Author Topic: Experiences with TI BQ management IC’s when re-building laptop batteries ?  (Read 1839 times)

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Offline Fraser

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Dear All,

I am more commonly found helping in the Thermal Imaging sub forum but I have come out into ‘General Population’ to ask for some help for a change.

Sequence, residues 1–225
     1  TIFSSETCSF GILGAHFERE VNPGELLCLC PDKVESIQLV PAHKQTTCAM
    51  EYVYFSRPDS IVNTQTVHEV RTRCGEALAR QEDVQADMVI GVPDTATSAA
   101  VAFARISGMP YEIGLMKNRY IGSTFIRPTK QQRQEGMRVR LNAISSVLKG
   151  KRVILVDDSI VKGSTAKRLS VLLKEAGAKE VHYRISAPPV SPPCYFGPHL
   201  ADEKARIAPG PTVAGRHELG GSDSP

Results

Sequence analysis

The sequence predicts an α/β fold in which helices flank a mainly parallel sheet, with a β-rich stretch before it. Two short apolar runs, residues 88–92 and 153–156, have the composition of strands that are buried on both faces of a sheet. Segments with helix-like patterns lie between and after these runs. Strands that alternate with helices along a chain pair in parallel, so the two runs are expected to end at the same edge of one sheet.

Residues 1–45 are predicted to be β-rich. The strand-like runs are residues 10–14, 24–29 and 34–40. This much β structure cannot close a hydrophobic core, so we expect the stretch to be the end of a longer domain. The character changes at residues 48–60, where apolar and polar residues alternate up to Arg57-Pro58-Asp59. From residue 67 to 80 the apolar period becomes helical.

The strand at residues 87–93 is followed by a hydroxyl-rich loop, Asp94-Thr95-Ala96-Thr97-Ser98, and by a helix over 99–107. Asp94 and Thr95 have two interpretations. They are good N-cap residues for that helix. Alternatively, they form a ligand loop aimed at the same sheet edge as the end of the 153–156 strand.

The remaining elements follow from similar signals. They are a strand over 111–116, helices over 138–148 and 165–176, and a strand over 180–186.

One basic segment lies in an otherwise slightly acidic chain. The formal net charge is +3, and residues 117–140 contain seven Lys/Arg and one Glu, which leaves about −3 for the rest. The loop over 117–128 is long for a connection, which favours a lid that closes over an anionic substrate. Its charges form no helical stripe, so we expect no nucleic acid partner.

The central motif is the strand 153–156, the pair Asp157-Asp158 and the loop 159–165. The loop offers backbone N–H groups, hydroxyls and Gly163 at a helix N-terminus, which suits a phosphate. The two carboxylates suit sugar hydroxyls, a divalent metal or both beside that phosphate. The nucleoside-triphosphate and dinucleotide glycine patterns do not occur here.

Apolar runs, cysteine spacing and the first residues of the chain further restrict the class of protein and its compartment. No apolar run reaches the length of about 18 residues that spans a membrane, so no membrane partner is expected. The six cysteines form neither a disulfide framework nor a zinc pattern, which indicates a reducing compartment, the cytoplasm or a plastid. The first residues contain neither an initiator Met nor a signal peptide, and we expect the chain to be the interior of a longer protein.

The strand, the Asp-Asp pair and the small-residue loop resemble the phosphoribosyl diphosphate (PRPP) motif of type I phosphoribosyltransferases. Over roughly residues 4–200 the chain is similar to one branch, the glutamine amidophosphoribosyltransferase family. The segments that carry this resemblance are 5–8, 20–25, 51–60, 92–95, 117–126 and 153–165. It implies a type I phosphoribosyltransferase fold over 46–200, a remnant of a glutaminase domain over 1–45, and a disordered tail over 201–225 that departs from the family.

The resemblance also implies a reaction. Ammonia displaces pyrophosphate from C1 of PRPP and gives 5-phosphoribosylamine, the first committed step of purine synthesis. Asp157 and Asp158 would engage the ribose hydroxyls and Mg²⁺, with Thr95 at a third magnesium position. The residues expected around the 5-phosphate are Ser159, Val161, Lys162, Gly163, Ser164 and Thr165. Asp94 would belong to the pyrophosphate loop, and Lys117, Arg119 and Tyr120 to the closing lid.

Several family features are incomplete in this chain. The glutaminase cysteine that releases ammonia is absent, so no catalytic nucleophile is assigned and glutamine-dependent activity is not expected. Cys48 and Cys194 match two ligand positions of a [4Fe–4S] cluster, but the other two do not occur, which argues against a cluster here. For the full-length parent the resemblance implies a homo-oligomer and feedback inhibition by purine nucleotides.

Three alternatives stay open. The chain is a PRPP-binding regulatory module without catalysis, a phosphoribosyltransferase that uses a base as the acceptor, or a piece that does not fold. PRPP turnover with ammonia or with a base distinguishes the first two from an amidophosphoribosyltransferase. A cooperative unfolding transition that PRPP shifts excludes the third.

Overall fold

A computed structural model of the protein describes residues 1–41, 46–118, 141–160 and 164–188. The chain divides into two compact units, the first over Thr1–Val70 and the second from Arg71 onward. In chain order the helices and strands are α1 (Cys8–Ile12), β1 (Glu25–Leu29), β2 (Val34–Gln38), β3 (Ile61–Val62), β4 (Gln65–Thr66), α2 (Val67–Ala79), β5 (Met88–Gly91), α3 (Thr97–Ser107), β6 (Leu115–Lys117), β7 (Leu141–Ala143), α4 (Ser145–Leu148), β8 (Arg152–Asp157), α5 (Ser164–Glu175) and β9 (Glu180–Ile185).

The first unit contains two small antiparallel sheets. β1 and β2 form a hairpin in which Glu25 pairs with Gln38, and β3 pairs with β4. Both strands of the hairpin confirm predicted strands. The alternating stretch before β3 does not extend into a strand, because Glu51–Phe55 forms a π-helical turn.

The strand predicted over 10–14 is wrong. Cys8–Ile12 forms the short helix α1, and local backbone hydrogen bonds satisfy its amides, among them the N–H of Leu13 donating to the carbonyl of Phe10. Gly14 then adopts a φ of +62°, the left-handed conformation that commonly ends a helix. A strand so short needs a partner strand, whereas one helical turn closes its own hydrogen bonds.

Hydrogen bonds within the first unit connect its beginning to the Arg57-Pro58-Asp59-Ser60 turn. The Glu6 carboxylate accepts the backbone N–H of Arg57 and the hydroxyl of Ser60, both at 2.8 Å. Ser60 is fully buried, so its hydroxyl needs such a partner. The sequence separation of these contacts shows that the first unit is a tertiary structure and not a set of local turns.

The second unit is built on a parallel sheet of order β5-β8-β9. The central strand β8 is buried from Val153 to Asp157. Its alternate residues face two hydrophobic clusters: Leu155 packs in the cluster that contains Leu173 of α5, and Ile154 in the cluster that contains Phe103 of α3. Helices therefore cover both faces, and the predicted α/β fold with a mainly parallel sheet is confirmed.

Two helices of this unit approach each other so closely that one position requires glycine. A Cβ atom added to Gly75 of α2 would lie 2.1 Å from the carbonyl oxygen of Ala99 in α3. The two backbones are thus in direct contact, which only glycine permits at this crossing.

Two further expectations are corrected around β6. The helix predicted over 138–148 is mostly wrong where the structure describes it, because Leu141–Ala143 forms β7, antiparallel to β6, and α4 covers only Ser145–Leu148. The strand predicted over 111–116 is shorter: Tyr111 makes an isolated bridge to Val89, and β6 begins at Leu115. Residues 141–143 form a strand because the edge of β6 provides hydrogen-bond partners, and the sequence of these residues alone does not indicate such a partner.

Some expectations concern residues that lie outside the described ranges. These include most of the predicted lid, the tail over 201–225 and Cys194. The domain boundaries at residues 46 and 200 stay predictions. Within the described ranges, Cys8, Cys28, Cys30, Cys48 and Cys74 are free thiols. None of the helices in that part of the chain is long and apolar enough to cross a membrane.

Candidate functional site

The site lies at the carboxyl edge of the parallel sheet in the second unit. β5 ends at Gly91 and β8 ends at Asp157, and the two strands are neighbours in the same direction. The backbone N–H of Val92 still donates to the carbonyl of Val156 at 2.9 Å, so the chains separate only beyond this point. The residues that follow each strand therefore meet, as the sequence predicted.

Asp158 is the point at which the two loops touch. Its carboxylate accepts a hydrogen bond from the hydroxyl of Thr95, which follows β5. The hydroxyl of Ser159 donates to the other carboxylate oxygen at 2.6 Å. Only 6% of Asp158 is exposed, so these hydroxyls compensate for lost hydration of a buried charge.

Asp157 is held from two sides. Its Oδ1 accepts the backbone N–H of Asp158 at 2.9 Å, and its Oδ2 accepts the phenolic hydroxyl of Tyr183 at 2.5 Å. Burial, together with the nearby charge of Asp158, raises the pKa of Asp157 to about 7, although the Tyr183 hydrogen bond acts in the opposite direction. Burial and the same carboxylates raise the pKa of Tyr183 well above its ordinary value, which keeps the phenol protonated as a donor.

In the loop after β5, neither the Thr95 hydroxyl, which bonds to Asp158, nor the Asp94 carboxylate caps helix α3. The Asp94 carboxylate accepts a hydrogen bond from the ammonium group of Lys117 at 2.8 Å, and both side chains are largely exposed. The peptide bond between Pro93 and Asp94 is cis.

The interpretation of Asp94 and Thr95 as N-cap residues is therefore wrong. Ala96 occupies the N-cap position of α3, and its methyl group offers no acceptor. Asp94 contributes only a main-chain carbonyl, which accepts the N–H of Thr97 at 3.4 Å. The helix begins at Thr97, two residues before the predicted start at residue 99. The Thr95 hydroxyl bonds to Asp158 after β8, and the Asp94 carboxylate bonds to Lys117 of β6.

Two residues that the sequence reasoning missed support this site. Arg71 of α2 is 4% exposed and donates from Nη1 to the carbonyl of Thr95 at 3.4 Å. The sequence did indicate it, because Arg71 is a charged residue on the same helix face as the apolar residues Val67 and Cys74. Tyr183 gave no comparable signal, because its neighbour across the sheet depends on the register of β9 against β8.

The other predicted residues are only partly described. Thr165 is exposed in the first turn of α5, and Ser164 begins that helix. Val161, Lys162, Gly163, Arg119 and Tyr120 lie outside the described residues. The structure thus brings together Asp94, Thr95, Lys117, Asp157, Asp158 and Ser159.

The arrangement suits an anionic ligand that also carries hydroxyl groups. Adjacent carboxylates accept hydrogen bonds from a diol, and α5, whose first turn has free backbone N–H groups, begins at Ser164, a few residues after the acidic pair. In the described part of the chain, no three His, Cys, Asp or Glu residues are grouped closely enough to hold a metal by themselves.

This post relates to replacing cells in laptop and tablet battery packs that are using the various Texas Instruments BQ series battery management chips. For those unaware, the TI BQ chips come in many types and with varying features. What is common to all is the ‘battery lockout’ feature that basically disconnects the battery supply terminal if an imbalance or failure of a cell in the pack is detected. This is a safety feature and not a bad idea as it prevents overheating cells ! Sadly the BQ chips have evolved over the years. Whilst early versions were quite ‘dumb’ and could be persuaded to reconnect the battery to the outside world if the fault condition was corrected, later versions are more sophisticated and can permanently lock-out the battery terminals unless the BQ chip is ‘unsealed’ and ten the fault flag reset after new cells are fitted. Even accidentally disconnecting good cells in such a battery can cause a lock-out and effective loss of the battery from use. I am all for safety where Lithium cells are concerned but sadly the battery ‘lock-out’ feature has expanded to cover not only faults, but also charge/discharge cycles ! So in theory, perfectly healthy cells are placed beyond use by an arbitrary charge count. Now the killer..... to unseal a modern BQ chip to change its settings is lock-out status you need a password ! And, you guessed it, many manufacturers set their own password and even use custom firmware in the TI BQ chips. If you get lucky, the default TI password is used but such is not to be expected these days.